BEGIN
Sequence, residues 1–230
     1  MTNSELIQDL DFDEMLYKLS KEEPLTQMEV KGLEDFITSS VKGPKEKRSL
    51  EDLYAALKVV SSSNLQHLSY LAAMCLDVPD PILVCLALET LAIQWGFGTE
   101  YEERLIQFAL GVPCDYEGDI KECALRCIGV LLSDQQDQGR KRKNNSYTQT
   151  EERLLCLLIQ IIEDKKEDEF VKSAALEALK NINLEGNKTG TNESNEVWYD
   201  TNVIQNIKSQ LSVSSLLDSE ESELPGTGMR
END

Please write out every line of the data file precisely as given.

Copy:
Sequence, residues 1–230
     1  MTNSELIQDL DFDEMLYKLS KEEPLTQMEV KGLEDFITSS VKGPKEKRSL
    51  EDLYAALKVV SSSNLQHLSY LAAMCLDVPD PILVCLALET LAIQWGFGTE
   101  YEERLIQFAL GVPCDYEGDI KECALRCIGV LLSDQQDQGR KRKNNSYTQT
   151  EERLLCLLIQ IIEDKKEDEF VKSAALEALK NINLEGNKTG TNESNEVWYD
   201  TNVIQNIKSQ LSVSSLLDSE ESELPGTGMR